Friday, March 20, 2009

Good Fences Don't Always Make Good Neighbors

So we're walking to the police station to update Husband's ID card. About a block away from the police station, we notice that all of the spindles from this guy's stainless steel perimeter fencing have been cut.

We asked a friend of ours who knows this guy, what happened? Aparently, during the night - someone came and cut all of the spindles and stole them. The fence had been there a week or two.

I guess that whoever stole them felt that they deserved the pieces more than the ONE WHO PAID FOR THEM!

The thinking might have been along these lines:

Neighbor A can afford a stainless steel fence;

I can't afford/don't want to pay for a stainless steel fence;

Since neighbor A bought a stainless steel fence once and if I take some of the pieces....he probably has enough money to replace them

Ergo...everybody wins.

On the issue of crime in Croatia...I would say that it is relatively low. I had a much higher chance of being wacked on the head by a lead pipe while we lived in Washington DC than I do here - where it is almost nil.

When crime happens in Croatia - it's almost always of the white collar variety (read: ripping people off for 1 kuna or 1 million kuna). The logic: You have a lot....and I have little (but somehow manage to have properties all over the county), therefore, you should give me what you have.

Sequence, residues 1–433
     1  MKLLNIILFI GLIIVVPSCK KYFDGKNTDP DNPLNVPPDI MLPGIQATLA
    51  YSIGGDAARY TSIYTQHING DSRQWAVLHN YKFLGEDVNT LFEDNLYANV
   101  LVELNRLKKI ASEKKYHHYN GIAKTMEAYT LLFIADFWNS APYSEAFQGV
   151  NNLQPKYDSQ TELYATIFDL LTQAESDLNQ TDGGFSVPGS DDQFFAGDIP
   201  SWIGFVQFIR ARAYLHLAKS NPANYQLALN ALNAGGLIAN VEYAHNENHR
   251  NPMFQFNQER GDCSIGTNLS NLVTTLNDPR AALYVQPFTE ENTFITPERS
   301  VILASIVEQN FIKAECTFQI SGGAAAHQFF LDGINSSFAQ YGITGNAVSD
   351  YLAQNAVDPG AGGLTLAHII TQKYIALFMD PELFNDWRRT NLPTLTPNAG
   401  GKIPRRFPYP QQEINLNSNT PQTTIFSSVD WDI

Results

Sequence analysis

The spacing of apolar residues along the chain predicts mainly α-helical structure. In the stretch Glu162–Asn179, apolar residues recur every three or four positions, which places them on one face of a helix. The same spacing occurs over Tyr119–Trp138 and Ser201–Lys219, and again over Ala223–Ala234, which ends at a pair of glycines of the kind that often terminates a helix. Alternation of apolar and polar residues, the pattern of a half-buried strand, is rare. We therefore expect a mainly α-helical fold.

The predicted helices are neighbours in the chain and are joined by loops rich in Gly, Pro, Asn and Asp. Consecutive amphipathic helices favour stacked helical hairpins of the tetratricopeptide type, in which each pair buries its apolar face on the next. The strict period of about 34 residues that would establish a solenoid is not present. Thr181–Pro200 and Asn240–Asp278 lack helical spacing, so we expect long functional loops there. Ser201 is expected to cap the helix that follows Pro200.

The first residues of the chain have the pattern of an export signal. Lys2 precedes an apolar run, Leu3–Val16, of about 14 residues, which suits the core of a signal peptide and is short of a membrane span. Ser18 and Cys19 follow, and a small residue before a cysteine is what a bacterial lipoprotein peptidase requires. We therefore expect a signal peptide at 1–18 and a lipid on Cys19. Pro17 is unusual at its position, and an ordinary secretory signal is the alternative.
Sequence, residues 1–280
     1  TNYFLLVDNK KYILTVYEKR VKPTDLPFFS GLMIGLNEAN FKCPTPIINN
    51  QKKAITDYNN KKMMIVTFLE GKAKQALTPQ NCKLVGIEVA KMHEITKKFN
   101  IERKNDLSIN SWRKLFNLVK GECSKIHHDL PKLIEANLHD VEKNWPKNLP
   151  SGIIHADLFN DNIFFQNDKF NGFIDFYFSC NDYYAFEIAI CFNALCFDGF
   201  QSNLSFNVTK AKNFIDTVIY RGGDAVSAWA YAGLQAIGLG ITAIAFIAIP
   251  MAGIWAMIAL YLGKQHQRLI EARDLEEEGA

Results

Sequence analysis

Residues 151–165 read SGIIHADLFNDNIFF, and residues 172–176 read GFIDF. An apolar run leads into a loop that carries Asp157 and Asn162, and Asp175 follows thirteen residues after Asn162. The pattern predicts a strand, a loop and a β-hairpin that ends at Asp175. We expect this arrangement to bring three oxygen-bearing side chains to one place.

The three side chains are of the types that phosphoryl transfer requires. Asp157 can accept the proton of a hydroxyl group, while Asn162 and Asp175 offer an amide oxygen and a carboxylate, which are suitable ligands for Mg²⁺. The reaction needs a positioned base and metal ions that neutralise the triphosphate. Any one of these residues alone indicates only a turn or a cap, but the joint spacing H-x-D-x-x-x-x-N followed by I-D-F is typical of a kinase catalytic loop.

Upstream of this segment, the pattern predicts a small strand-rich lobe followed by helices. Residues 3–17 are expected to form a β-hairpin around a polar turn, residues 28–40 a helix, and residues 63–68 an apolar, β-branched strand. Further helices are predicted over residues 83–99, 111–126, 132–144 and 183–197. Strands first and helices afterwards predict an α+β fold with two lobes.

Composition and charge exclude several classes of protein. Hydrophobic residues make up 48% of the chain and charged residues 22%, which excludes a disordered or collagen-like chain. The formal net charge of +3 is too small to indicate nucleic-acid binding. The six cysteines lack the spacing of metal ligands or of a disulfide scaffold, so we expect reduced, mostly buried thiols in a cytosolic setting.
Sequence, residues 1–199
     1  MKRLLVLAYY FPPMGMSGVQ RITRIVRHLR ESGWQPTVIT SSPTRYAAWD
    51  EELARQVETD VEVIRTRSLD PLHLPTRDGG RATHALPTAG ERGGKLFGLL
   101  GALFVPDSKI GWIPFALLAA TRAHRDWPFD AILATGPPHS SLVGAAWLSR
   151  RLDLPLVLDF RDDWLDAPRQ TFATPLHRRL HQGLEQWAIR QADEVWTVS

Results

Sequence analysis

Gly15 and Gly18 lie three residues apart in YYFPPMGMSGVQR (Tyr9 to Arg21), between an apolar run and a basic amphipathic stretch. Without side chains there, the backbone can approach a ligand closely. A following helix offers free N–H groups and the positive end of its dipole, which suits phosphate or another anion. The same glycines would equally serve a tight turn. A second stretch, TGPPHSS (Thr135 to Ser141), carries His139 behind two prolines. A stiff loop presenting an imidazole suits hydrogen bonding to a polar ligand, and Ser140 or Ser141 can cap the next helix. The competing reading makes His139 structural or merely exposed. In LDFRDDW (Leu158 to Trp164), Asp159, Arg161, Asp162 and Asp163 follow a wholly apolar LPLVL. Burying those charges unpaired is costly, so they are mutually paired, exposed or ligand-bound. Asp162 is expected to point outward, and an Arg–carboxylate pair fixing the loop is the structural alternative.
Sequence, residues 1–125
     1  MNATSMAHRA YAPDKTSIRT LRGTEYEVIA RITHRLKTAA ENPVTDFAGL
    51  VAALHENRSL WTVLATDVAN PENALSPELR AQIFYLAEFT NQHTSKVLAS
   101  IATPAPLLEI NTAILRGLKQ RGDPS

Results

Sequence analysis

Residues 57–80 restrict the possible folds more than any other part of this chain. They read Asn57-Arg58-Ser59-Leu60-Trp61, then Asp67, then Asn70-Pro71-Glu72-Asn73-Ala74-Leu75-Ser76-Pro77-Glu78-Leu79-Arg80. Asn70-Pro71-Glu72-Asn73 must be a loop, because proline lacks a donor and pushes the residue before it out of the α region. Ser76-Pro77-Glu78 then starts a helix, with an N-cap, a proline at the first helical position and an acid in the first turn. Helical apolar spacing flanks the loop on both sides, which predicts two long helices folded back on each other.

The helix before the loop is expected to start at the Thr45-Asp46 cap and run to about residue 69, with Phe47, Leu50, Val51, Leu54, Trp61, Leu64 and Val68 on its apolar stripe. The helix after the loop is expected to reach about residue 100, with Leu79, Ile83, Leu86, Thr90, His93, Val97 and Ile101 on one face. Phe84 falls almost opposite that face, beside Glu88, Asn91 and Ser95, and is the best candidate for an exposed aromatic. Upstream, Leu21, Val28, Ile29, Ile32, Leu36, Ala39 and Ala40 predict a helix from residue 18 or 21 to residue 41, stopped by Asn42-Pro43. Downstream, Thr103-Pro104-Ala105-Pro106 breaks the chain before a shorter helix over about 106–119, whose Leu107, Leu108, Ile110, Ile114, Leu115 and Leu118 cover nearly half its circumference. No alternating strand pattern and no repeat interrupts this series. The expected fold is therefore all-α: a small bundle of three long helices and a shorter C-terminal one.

I'll give you another recent example.

In February, Croatia hosted the World European Handball Championship and Zadar was among the list of cities which held the games. While one would think that this would be a big deal for a small town....thousands of foreigners descending in the fact, most restaurants remained closed (because it's the off season, silly). So, thousands of tourists were roaming around...had nowhere to go....nothing to see. That's the backdrop.

A little restaurant/bar that we frequent discussed their plans with us for capitalizing on the event. The Plan: Charge the tourists 10 euros for what costs the locals half. The rationale that they gave us....˝well, Germans are used to spending that on lunch...˝

Meaning, you have more....therefore you should pay more. I have less....therefore I should pay less....

Welcome to peasant economics.

Wednesday, March 18, 2009

I Heart Croatia

I am asked 70 times a day ˝how do you like living in Croatia˝ and you bet your ass, the answer is ALWAYS an emphatic ˝it's super to live here.˝ Anything less enthusiastic would be taken as an insult and frankly, people don't really care about my true answer, anyway. Just like people don't really want to know your life story when they ask, ˝how are you today?˝

Nevertheless, I am asked this question all the time - no matter how inappropriate the when I'm at the hospital and bleeding... ˝....uh, yeah...Croatia's great...just great˝ as paint is chipping off the walls and the nurse is trying to insert an IV while WEARING NO GLOVES and I've just seen her work on two other people in the room in the same way...

I definately went through a period where it wasn't a total lie .... and everything WAS super, to me. But that time is behind me. Now, I see everything - warts and all - and the place is slightly less charming to me than it was initially but ....BUT ...I still miss it when I go away.

But the truth is, I have a love-hate relationship with Croatia-as do most people who actually live here. My husband, a Croatian, calls it death by a thousand papercuts. Basically what he means is that there is so much absurdity that you either grow a sense of humor or you go nuts.

Like everyplace, Croatia has good aspects and bad aspects. From my perspective,

the good aspects are...